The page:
Kempton Bunton (Jim Broadbent), a 60-year old taxi driver, is upset that people like him have to pay for a license in order to watch television. When he reads in the newspaper how much the government has spent for a portrait of The Duke of Wellington by Goya, he decides to steal the painting from the National Gallery in London. He sends ransom notes saying he will return the painting if the government will pay more attention to the needs of poor people. He figures the ransom money will pay for a lot of TV licenses.

Helen Mirren and Jim Broadbent in The Duke

The Duke tells the story of this modern-day Robin Hood who in 1961 did attempt to steal from the rich to give to the poor. Jim Broadbent is convincing as the fearless and undaunted idealist. Helen Mirren plays his wife, who is not in on the scheme, and Fionn Whitehead plays their son, who helps hide the painting in their home.

This is a delightful true crime movie full of twists and turns. But its strongest moments come after Kempton returns the painting and is put on trial for theft. Given the chance to speak for himself, he explains that he has always looked out for other people and gotten in trouble for it. When he was just 14, he got dragged out to sea by a riptide but a passing boat saved him. He knew someone would come because he had faith in people. He adds:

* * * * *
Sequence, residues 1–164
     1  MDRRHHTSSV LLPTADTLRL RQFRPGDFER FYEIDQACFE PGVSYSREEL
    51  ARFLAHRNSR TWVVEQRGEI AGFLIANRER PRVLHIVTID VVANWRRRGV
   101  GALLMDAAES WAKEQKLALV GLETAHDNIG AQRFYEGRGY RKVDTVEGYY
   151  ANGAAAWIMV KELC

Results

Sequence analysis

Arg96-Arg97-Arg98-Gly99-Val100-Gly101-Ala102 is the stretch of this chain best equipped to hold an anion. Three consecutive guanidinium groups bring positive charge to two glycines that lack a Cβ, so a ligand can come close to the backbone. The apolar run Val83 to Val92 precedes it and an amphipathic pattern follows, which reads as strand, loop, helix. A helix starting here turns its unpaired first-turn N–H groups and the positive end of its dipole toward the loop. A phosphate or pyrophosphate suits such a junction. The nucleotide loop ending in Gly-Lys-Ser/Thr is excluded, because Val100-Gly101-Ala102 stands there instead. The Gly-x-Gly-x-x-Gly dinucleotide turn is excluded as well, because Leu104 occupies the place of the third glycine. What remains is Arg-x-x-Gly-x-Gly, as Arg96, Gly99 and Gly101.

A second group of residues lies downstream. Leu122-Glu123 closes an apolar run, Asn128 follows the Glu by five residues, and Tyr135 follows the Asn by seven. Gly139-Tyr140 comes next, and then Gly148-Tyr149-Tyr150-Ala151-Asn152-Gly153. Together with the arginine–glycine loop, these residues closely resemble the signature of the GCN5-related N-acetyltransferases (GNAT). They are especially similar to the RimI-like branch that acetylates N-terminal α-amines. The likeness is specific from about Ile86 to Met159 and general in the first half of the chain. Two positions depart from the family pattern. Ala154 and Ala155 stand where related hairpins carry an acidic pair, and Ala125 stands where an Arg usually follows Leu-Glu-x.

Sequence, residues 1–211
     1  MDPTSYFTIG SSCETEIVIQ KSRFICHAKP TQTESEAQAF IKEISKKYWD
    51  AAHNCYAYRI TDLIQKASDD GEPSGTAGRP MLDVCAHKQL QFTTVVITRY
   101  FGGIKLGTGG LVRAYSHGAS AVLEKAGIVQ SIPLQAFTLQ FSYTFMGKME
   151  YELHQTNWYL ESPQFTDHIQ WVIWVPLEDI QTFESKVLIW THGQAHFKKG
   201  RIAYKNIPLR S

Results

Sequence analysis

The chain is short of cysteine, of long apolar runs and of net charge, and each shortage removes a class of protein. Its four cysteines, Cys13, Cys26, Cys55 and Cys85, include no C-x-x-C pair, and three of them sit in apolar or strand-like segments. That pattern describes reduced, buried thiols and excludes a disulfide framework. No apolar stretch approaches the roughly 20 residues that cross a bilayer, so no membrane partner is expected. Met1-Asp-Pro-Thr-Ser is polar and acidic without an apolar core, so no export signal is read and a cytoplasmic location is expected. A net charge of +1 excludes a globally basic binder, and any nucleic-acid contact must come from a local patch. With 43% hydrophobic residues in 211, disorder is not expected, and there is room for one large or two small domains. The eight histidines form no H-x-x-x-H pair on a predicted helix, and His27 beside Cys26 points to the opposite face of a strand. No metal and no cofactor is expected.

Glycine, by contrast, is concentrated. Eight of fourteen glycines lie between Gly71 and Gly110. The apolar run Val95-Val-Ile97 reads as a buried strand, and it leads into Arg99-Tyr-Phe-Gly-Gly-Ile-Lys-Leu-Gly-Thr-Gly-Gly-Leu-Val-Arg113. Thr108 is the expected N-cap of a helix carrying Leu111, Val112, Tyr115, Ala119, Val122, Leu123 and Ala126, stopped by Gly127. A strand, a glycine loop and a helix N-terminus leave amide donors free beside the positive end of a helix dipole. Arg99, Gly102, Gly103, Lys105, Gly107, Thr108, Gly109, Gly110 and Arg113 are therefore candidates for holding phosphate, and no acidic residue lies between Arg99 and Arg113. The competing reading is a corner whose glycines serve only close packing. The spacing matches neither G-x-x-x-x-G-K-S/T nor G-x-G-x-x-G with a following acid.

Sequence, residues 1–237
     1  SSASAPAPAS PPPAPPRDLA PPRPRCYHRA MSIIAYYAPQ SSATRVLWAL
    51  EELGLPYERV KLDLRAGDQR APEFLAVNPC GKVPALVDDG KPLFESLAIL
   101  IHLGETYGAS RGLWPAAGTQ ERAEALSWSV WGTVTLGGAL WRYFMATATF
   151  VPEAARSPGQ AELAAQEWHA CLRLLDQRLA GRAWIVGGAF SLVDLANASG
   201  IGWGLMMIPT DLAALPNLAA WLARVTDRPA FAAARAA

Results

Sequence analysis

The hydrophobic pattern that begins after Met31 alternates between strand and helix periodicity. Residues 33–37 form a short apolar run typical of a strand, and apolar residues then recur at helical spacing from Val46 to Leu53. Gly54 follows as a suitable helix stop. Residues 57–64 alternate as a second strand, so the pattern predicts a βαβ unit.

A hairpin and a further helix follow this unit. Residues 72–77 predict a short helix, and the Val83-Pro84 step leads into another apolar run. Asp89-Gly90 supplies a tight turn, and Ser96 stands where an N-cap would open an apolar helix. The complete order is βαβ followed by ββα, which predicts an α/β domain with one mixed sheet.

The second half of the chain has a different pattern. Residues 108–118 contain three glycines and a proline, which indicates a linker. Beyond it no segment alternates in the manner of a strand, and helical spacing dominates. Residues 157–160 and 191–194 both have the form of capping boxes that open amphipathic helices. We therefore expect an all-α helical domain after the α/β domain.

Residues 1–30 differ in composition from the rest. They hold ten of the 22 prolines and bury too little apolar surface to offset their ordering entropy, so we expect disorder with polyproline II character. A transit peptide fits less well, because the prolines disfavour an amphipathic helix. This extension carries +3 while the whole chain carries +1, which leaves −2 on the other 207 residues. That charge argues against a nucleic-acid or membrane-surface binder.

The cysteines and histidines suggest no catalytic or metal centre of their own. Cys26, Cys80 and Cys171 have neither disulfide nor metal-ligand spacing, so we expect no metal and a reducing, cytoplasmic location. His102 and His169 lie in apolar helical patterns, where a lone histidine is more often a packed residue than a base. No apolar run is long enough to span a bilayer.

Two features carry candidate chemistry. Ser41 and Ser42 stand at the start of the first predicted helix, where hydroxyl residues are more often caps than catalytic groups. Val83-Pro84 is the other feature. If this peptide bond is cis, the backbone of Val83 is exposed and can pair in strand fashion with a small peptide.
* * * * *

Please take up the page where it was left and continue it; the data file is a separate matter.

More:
“I knew someone would. I am not me without you. We all need each other. You are me. It's you who makes me me. And it's me that makes you you. Humanity is a collective project.”

Jim Broadbent as Kempton Bunton testifying in court.
He goes on to explain that he’s concerned about war widows and the pensioners, the boys who went to war and are now over 65 and are isolated. “My philosophy – the I’m you and you’re me thing – tells me that every time someone gets cut off from the rest of us, this nation becomes a foot shorter.”

It’s not often that you hear the African philosophy of ubuntu articulated in a courtroom. But that’s the takeaway from The Duke. Ubuntu means “I am because we are.” As Archbishop Desmond Tutu put it:

“A person is a person through other persons. We learn how to think, how to walk, how to speak, how to behave, indeed how to be human from other human beings. We need other human beings in order to be human. We are made for togetherness, we are made for family, for fellowship, to exist in a tender network of interdependence.”